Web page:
Some 29 per cent of people questioned said the sector was sustainable, almost twice as many who answered oil and gas, which came second place in the study. IT, other industries and tourism were next in the list.
Two out of three surveyed said they had confidence that fishing manages natural resources in a good and sustainable way.
Even more had confidence in fish farming, with 42 per cent agreeing it managed natural resources sustainably, against 37 per cent who disagreed.
The research, conducted by Opinion on behalf of the Institute of Marine Research, the University of Bergen and Bergen Municipality, was commissioned in connection with the Ocean conference, held online from Bergen on September 17.
One in three surveyed said they believed problems in the aquaculture industry, such as salmon lice and escapes, would increase in the next five years.
Just over two in ten believed that problems would decrease, while close to four in ten thought they would be about the same as today.
Nearly six out of ten Norwegians said they had great confidence in Norwegian management of marine resources, the highest approval rating ever recorded in the survey, which has been conducted four times since 2015.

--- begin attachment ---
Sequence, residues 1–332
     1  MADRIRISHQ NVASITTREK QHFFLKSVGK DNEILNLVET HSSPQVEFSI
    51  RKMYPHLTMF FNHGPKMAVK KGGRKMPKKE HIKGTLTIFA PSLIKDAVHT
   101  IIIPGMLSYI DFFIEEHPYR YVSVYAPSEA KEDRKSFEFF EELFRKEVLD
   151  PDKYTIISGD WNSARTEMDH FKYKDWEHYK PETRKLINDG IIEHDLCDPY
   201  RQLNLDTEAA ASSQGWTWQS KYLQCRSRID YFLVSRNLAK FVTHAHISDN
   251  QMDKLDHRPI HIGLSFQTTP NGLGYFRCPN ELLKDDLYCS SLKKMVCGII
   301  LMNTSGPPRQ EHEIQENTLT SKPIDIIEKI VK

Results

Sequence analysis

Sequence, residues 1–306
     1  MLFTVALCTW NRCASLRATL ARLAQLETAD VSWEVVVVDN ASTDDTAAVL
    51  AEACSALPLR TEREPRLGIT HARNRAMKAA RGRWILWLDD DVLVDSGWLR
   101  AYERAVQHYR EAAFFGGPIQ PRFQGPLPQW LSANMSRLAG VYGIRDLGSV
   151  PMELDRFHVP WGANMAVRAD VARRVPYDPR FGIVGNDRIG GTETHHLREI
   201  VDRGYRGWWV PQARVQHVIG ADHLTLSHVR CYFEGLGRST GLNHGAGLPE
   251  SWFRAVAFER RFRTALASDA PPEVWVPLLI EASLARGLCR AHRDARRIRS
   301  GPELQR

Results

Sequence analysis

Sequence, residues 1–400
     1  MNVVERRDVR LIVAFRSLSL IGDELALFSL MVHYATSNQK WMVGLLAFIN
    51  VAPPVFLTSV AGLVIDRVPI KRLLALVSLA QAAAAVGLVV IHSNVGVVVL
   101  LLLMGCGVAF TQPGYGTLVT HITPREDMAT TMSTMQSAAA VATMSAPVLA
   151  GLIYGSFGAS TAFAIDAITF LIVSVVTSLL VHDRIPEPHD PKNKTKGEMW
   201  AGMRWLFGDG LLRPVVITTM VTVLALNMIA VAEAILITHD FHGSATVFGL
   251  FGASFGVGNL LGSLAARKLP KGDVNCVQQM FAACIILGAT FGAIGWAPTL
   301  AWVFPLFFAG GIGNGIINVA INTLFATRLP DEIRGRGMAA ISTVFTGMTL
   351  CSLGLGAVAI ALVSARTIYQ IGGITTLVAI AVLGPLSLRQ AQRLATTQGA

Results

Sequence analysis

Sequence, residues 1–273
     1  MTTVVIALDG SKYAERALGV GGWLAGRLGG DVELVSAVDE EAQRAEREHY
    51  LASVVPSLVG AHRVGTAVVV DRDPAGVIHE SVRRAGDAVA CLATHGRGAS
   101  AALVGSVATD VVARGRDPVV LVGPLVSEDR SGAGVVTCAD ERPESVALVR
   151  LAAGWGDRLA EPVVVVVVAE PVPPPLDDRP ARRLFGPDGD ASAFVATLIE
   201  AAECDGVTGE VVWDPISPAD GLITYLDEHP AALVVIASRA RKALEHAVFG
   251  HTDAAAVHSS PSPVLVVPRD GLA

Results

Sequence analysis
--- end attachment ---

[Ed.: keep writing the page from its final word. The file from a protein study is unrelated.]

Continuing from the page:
Geir Lasse Taranger, research director at the Institute of Marine Research, said: ‘When one has compared protein production from different sources, the Norwegian aquaculture industry has emerged as the most sustainable protein producer in the world.
‘This does not mean that there are no challenges, but there are also challenges related to food production on land.
‘There have been new reports that show how much pressure we have on land. Then it is exciting to see if it is possible to realise the views on more food production from the sea and at the same time maintain sustainability.
‘We believe it is possible, by having good knowledge and the right technology,’ added Taranger, who held a session during the Ocean conference on the theme of knowledge-based utilisation of marine resources.
The survey was conducted among a representative sample of 1,000 Norwegians.